Yes!!!…Socialism for the poor, poor, destitute rich!…Kapitalism SAVED by socialism!!!

        Makes me want to burst out in song…

        “Poor, poor, pitiful rich… poor poor pitiful rich
        ree-al-i-ty can be such a bitch…
        poor, poor, pitiful rich!!

        Who gets the next verse???

        !!! Jumpers away!!!

  8. Susan the other

    The real economic capabilities of a country/corporation should be the pricing mechanism for bonds and stocks. Credit should be reality priced. Somehow that is all turned around so that bonds and stocks are the pricing mechanism for the corporation – the corporation being ground zero for “economic capabilities”. This is the world of bond vigilantes where all debts are bad and bad debts are perpetuated and made worse in an attempt to recover unrealistic gains to service costs and debts. This is a good illustration of just how corporations are as caught-up as individuals in a totally absurd rat race where money is the only thing that has value. Alice in Wonderland.

  9. Susan the other

    If the US falls into a deep recession or depression (they claim they will not let that happen) and faith in money, the dollar, collapses, how on earth will it matter whether or not we keep “rolling over the debts”? Unless it is merely a braking mechanism to coordinate a completely new economy. A bad system beats no system at all? Congress’s wonderful generosity and empathy for all of us is nothing more than stark-eyed financial panic being politicked with nonsense about profligate corporations (did they ever have a choice?). The whole system, top to bottom, is done.

    1. a different chris

      >(they claim they will not let that happen)

      And or course how pray tell will they prevent it? If they knew what they were doing we would have had a cushion for this crisis ready.

      BTW, I was wondering about Germany – I was always under the impression that they basically took August off and went to the beach. Could they just bump it back to April?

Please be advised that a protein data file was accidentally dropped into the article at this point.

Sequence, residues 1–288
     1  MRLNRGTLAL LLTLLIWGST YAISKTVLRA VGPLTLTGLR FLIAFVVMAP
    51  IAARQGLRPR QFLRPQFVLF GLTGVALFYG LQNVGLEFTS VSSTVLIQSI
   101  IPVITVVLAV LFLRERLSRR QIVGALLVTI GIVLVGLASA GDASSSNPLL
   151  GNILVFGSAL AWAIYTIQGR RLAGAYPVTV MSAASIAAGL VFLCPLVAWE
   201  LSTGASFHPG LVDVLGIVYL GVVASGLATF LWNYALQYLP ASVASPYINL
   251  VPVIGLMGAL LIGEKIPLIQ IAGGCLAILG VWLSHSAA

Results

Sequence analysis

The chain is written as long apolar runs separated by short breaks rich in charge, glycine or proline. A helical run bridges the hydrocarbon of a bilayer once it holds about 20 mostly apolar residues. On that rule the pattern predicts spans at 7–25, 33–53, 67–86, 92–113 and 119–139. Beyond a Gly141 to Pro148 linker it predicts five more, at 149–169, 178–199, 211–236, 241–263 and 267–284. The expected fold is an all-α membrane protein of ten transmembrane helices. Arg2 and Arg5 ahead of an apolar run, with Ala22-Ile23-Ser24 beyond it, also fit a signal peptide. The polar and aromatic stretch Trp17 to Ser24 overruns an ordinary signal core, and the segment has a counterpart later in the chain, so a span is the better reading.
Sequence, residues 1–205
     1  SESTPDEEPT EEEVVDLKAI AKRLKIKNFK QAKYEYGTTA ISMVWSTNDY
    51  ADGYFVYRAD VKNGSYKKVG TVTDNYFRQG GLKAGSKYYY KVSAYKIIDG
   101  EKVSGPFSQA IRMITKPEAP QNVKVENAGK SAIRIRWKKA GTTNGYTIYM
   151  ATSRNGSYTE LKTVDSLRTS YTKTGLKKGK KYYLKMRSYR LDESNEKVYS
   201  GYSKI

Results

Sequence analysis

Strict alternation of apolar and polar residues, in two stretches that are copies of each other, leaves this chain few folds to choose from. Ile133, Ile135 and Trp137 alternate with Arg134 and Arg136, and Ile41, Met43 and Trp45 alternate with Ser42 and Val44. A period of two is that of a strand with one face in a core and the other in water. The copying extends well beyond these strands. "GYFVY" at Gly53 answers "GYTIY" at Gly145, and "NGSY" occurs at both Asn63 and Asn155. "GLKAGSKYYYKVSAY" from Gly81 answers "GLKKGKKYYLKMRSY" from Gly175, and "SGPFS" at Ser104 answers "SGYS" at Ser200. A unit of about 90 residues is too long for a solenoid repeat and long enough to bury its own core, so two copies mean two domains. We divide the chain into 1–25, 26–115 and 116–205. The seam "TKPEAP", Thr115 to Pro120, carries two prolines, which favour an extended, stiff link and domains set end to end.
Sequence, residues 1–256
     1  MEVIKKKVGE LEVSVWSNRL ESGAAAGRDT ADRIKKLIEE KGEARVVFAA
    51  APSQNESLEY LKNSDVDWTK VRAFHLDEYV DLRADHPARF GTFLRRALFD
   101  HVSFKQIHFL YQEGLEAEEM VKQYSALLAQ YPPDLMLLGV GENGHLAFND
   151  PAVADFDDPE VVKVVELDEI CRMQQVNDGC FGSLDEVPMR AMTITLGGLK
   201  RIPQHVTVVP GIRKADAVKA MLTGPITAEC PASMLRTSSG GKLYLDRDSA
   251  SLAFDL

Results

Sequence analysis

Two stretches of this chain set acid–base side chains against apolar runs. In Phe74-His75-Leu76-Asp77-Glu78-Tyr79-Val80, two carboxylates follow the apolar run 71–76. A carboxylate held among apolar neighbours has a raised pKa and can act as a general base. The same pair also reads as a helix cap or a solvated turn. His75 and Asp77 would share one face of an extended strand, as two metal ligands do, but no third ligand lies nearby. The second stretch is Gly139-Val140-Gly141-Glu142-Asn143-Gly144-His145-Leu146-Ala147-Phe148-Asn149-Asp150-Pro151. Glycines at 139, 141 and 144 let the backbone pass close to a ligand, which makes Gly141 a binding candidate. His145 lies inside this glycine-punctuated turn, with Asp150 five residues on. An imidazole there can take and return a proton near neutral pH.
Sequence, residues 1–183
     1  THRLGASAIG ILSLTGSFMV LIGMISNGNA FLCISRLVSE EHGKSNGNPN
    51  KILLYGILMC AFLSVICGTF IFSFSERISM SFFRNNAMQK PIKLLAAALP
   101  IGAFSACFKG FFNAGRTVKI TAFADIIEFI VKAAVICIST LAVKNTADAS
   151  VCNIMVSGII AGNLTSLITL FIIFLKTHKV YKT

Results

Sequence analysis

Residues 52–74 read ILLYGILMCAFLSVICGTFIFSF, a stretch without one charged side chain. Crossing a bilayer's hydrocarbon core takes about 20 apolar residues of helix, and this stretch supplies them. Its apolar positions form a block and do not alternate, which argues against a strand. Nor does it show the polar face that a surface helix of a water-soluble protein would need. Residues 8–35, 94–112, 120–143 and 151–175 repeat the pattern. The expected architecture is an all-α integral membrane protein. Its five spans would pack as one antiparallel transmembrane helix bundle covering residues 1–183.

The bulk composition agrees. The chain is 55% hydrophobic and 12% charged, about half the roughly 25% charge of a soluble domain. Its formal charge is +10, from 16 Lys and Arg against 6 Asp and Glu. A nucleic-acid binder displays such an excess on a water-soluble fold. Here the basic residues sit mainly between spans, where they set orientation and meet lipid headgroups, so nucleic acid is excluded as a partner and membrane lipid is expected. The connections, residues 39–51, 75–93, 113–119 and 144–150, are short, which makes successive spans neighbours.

My larger point is that if we weren’t just hamsters who have been spinning the wheel faster and faster and faster since Reagan then we could handle this a lot better.

      1. Susan the other

        just last night the corona reports out of germany are that the cases are exploding; they are probably just behind Spain which is as bad as italy – i wonder if when germany announced its 350 bn corona budget they thought the news would somehow stop the spread of corona – and then merkel herself got it. Look how awful NYC is – it took off just a week ago and they don’t have anyplace to store the bodies… The whole thing qualifies for vaudeville, humorless vaudeville.

  10. Done

    I read Hudson whenever I can and appreciate his insights. But can we get a summary of what’s happening that regular people can understand? No disrespect to Hudson whatsoever, but I have a BA, MIA, and JD and can’t understand any of this stuff. My friends who were/are smart enough to avoid anything beyond undergrad are baffled by what the Feds are doing to enrich themselves, again and again blah blah blah at our expense. As much as I hate to say this, a series of memes would be a good place to start. Ugh I’m terrible.

    1. sd

      I do better with visuals like flow charts. “A picture is worth a thousand words…”

      If it can be represented in a chart, then I understand instantly what the process is. It was how I came to finally understand mortgage backed securities, CDO, etc. Words just weren’t enough until I saw it all in a chart.

    2. sierra7

      I can’t come up with a better “meme” than what Alan Greenspan said when he testified before Congress in 2008 when asked if he was wrong about how the economic forces in our system could “self-regulate”; his answer was, “I was wrong!”
      Jumpin’ Grandfather Frogs!
      Since the late 1980’s Greenspan had held the Congress, the people of this country in his palm of the hand with his dramatic testimonies on how the markets would always self regulate!